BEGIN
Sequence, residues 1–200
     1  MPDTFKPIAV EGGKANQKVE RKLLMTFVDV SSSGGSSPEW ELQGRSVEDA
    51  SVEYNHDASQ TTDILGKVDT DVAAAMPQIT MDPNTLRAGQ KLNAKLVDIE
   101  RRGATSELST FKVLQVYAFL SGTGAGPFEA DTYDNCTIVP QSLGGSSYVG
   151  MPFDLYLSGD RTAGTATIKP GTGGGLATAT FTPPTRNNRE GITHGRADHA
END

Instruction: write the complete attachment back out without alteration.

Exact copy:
Sequence, residues 1–200
     1  MPDTFKPIAV EGGKANQKVE RKLLMTFVDV SSSGGSSPEW ELQGRSVEDA
    51  SVEYNHDASQ TTDILGKVDT DVAAAMPQIT MDPNTLRAGQ KLNAKLVDIE
   101  RRGATSELST FKVLQVYAFL SGTGAGPFEA DTYDNCTIVP QSLGGSSYVG
   151  MPFDLYLSGD RTAGTATIKP GTGGGLATAT FTPPTRNNRE GITHGRADHA